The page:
Stop the online hate rhetoric on Hawai’i

Hawai’i is where haole (outsiders) view as exotic or often go to as tourists, but the recent deadly wildfires have not only further underscored human vulnerability to environmental devastation, but also resulted in conspiracy theories online that could result in more violence to humanity.

Social media users have posted bizarre notions about the cause of the inferno on August 8 that killed 115 people in Lahaina, on the island of Maui, the second-largest in the archipelago of eight major islands of the 50th U.S. state. There are 110 missing persons reports filed with Maui police. Nearly 3,000 homes and businesses have been destroyed or damaged, and losses are estimated at $6 billion.

Meanwhile, the virtual conspiracy theories blame anything from a secret gang planning to ravage Maui in order to control it through AI (Artificial Intelligence) to tying Elon Musk and Oprah Winfrey to the fires.

Image: Air Force MSgt. Andrew Jackson / Public Domain

What is the responsibility then of tech platforms, such as Meta, TikTok, Instagram or X (formerly Twitter), to stamp out the spread of such content that could only spur users to carry out lethal community violence, as what happened at a Sikh temple in Wisconsin in 2012; at a Black church in Charleston, South Carolina, in 2015; at a synagogue in Pittsburg in 2018; at a Walmart frequented by Latinos in El Paso in 2019; at Asian spa businesses in Atlanta in March 2021; at a supermarket in a Black neighborhood in Buffalo in 2022; and most recently, at a store in Jacksonville, Florida, among numerous other cases, when online hate went offline?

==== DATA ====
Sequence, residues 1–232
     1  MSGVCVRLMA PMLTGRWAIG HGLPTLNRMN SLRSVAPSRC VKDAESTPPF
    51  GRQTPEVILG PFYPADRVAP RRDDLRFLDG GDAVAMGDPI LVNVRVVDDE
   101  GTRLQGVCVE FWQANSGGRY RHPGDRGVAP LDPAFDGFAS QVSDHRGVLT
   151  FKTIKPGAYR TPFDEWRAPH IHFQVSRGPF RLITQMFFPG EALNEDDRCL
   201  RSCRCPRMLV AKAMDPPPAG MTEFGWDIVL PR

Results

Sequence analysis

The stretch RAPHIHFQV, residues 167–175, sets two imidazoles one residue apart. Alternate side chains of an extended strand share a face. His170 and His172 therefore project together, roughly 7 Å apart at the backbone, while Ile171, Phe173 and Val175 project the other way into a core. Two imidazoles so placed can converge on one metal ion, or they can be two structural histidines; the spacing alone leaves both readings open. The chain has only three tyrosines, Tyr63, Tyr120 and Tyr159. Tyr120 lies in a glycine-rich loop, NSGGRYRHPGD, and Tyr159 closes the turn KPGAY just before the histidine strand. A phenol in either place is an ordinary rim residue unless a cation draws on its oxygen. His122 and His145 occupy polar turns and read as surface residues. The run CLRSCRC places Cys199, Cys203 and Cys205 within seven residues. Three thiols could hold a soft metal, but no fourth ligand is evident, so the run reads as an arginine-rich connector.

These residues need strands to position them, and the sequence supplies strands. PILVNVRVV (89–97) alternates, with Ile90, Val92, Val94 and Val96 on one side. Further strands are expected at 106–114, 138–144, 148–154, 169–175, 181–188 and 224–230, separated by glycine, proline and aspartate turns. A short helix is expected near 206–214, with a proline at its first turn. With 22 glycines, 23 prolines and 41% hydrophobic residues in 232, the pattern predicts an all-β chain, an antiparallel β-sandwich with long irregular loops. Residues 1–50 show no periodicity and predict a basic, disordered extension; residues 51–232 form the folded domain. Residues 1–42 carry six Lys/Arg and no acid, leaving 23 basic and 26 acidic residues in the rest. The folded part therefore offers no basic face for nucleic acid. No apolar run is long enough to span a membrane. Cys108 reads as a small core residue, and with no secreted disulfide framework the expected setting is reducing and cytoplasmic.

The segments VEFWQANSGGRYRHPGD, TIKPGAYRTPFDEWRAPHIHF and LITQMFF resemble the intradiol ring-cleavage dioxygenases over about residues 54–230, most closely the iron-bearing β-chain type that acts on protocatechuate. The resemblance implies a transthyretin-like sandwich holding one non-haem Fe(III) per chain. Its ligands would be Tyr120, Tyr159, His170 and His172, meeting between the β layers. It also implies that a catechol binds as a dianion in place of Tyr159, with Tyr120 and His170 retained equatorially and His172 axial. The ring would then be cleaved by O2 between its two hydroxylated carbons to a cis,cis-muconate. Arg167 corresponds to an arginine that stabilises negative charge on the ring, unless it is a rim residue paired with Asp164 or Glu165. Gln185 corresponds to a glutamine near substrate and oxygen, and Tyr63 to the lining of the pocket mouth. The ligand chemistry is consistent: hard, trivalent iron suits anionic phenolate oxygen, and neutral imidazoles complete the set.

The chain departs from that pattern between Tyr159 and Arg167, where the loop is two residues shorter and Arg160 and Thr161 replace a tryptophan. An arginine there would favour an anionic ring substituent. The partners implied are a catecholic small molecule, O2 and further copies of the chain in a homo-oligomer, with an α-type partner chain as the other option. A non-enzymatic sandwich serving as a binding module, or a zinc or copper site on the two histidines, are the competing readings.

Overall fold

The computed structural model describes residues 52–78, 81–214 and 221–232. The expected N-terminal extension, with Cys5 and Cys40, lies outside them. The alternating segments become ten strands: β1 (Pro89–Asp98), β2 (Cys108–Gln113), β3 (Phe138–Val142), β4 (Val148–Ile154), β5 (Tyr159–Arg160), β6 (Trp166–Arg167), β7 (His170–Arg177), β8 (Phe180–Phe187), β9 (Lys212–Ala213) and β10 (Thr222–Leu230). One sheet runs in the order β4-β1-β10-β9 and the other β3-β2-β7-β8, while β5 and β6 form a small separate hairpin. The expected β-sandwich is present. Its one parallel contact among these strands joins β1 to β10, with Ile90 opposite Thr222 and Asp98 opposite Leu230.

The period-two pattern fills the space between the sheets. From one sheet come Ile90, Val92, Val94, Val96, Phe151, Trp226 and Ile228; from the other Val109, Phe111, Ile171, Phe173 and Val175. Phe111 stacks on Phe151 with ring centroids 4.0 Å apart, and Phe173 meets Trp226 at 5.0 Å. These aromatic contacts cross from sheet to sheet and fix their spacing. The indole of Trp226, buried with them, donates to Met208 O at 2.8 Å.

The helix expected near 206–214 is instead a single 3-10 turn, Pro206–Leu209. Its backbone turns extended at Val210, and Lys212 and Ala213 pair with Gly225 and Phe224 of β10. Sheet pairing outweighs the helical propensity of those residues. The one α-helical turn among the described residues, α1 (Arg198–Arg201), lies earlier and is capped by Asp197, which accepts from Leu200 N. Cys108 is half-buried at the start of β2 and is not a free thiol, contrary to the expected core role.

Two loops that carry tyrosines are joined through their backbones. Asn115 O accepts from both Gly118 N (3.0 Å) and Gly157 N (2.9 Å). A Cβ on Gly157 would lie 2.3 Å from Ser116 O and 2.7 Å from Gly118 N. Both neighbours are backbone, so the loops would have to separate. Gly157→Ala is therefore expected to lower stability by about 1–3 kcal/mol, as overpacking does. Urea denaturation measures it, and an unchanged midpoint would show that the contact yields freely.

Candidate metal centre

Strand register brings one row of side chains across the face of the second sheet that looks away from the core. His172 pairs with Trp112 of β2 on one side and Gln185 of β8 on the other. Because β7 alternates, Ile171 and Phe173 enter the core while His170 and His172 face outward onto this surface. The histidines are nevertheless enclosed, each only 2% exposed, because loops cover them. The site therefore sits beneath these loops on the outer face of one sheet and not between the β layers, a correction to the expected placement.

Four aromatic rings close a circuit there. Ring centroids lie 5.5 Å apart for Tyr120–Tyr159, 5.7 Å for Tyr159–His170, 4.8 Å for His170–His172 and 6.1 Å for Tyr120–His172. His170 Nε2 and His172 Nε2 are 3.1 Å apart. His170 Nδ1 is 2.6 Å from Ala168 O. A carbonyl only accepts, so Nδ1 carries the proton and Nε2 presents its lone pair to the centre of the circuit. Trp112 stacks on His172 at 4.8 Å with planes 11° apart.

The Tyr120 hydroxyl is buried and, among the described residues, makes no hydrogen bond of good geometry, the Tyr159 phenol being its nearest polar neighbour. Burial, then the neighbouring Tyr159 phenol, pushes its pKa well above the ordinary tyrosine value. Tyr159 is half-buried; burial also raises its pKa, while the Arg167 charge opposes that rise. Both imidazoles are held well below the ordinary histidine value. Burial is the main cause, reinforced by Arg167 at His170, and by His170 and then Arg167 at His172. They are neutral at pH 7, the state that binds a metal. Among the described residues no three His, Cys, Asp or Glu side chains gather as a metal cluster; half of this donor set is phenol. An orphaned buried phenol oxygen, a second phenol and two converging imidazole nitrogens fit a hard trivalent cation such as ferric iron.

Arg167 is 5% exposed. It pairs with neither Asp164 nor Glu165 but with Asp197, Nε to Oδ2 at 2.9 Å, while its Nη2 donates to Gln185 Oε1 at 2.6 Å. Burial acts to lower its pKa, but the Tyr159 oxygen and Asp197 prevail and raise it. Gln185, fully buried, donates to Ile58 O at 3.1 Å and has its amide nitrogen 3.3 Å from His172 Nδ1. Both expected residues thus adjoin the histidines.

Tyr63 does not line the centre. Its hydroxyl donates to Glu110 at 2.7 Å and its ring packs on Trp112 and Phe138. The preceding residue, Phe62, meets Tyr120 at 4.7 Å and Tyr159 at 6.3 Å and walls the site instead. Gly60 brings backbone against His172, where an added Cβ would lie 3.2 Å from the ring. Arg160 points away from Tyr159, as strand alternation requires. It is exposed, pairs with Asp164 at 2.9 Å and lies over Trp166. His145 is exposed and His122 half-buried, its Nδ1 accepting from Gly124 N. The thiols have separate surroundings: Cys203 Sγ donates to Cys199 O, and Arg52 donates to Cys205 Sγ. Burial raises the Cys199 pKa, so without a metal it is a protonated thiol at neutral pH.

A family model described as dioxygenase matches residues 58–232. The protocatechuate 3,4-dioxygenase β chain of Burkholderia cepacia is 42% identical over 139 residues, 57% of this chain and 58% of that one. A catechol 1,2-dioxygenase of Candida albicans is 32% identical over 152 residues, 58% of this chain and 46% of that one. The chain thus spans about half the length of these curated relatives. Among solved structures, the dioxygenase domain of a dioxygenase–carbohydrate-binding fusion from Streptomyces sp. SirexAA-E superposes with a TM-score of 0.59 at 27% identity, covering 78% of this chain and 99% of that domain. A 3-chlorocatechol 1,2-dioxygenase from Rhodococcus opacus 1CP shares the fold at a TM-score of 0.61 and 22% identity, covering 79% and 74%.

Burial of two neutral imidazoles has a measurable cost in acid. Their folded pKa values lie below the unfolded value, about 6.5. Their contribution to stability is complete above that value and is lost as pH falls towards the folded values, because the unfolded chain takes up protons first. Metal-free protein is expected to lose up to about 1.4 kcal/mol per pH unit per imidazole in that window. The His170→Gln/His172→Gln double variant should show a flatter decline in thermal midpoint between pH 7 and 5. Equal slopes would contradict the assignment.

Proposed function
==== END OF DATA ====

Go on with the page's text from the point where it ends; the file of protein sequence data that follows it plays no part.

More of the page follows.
As an organization serving Asian and Native Hawai’ian and Pacific Islander populations, Monsoon grieves collectively for the lives lost in Maui, and urges American and international support for the survivors and rebuilding of the historic town of Lahaina. Conspiracy theories must not be allowed to thrive.